Orthotics can be a great addition and can make your feet a lot more comfortable and also even prevent pain. Here’s what you should know before investing.

Tip #1:

While the more costly shoe may be attractive, but it is not always the more comfortable shoe.  In fact, it is more often than not the average-priced shoe that offers greater comfort and suitability for a person’s foot type.  Do not allow price to influence your decision when choosing the best shoe for your feet!

Tip #2:

If you opt for orthotic insoles, be sure to search for a shoe that has a heel cup with suitable depth to hold the orthotic without feeling tight.  Remember to keep your orthotics with you when purchasing new shoes, particularly if you plan on trying the shoes on!

Tip #3:

The width and size are often printed inside the shoe; however, they are merely guides for the customer and not always accurate.  In fact, people report that there is little consistency in shoe sizes from one shoe store to the next.  For instance, you may be wearing a shoe with size 10 in one store, but feel as comfortable in a shoe with size 9 in the next.  Always trust your feet and not the size tag when purchasing a pair of shoes.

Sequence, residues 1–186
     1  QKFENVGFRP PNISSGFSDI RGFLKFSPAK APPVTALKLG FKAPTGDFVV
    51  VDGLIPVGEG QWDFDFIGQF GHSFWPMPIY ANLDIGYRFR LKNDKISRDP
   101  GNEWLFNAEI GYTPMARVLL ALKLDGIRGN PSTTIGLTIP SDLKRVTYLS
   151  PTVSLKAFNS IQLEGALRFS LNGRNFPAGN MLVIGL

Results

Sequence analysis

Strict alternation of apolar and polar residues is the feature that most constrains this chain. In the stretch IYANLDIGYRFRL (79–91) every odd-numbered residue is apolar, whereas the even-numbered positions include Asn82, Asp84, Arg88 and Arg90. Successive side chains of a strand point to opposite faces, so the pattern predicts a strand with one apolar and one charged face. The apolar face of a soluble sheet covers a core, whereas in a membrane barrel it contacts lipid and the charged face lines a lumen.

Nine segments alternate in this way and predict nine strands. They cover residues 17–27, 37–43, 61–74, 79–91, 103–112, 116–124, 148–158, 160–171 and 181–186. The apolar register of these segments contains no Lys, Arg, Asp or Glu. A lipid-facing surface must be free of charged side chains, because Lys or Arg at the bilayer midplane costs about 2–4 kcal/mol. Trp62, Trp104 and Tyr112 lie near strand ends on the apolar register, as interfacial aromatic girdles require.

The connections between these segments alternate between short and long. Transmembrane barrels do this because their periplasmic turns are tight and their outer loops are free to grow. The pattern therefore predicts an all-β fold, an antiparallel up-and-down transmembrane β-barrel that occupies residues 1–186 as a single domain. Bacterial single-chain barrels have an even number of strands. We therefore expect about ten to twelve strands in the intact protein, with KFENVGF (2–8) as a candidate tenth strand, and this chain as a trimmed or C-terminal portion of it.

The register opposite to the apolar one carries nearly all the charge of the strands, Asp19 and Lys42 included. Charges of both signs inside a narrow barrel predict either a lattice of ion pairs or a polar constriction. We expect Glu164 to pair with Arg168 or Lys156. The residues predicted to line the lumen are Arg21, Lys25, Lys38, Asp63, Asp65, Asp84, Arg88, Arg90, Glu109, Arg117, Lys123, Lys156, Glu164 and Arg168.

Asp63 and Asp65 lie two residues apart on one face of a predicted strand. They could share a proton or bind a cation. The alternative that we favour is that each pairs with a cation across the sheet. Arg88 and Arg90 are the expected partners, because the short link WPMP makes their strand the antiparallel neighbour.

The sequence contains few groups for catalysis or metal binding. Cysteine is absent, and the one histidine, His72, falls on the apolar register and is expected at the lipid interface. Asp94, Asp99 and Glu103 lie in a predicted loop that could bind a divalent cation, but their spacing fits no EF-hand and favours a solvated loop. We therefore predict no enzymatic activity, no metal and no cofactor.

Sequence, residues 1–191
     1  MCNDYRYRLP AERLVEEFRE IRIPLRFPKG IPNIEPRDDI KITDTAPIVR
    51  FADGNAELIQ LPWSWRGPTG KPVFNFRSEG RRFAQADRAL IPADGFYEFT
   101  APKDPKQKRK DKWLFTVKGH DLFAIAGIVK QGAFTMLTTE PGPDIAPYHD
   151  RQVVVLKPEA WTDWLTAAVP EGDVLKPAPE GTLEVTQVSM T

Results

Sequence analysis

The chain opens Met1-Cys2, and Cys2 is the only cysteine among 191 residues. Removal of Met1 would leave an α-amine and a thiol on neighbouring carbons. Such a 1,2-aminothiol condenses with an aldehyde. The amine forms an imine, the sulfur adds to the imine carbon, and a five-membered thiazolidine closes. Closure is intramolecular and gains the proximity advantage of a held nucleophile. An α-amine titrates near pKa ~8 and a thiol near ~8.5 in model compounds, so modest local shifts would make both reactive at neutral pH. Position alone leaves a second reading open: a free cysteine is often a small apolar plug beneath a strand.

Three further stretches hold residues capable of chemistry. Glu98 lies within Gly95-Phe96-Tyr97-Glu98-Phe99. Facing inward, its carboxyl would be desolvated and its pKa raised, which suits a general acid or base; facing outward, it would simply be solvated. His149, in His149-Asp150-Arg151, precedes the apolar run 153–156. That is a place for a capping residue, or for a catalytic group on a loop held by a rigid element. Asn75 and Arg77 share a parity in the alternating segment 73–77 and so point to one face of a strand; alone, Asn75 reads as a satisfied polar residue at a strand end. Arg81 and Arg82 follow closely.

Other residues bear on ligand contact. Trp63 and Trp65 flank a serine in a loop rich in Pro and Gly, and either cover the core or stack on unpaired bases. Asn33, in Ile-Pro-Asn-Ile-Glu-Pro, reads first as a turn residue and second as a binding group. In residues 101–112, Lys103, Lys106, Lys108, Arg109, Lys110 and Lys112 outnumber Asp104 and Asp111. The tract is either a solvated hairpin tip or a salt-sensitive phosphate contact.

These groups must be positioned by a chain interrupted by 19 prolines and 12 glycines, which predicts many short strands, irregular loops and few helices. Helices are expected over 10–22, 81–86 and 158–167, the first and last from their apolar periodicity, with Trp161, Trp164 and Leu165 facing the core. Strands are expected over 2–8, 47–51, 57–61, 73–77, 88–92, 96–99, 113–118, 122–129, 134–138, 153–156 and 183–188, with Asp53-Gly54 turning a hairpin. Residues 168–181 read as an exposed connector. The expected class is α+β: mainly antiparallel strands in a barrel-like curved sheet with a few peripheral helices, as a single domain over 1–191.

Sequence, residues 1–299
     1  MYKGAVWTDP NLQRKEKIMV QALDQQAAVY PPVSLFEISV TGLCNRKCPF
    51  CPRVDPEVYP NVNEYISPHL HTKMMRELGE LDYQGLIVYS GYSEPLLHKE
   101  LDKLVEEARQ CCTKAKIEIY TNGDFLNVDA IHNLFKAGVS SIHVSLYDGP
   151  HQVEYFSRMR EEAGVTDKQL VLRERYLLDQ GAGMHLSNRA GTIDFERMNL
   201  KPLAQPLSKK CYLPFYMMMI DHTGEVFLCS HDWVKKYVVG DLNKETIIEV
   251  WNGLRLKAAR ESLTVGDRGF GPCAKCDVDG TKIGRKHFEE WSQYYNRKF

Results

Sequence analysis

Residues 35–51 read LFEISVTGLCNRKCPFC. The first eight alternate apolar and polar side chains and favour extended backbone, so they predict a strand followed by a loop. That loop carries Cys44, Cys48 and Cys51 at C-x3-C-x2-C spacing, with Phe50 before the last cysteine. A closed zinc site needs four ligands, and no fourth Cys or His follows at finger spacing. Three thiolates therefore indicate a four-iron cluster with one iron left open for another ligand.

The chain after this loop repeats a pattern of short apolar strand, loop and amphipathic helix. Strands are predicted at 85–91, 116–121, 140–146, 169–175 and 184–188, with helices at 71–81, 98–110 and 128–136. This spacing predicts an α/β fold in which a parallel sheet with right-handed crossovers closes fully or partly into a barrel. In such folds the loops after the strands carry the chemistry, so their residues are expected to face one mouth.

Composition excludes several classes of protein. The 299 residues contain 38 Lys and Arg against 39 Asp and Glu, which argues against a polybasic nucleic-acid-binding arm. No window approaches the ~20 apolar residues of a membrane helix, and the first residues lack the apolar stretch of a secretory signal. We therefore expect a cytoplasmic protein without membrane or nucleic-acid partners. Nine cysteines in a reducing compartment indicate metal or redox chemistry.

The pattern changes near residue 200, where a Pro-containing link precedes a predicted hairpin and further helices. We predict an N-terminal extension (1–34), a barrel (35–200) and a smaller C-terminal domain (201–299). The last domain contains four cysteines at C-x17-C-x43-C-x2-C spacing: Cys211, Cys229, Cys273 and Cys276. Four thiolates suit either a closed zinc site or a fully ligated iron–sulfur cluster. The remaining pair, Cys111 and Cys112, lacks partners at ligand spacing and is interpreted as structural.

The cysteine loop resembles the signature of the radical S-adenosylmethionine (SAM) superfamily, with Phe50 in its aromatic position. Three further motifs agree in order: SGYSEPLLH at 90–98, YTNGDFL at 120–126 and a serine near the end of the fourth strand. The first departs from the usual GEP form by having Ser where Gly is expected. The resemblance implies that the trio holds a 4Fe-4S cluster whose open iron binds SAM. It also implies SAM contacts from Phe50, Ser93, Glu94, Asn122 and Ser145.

Tip #4:

When buying shoes, it is important that you try on more than a single pair so that you can compare the fit of the shoes.  However, you must not exceed three or four pairs or you could land up confusing yourself and making incorrect decisions.

Tip #5:

During sizing, it is recommended that you fit the length of the longer foot.  For example, a person should have anywhere from 1/8 to 1/2 inch of space between the toe of greatest length and end of the shoe (which does not need to be your big toe).  If the shoe fits snugly across the arch of the foot and the hell, but it provides suitable toe movement then it is a good fitting shoe.

Tip #6:

The best shoe fit will come from shoes that are shaped like your foot.  The shoe’s base should be at least the same width as the foot because shoes will stretch during wear according to width and not length.  If the shoe is too short, your toes will often pay the price experiencing corns, blisters and even black toenails.

Tip #7:

If the ankle can rotate from the outside to inside flattening the arch, then you should consider a shoe with a harder heel counter and more stable inside pieces.  If you present with flat feet, it is recommended that you search for a shoe with straight cut down the inside of the shoe.  However, if you have a high arch with reduced motion around the ankle; then you should consider shoes with cushioning to avoid any shock-related accidents.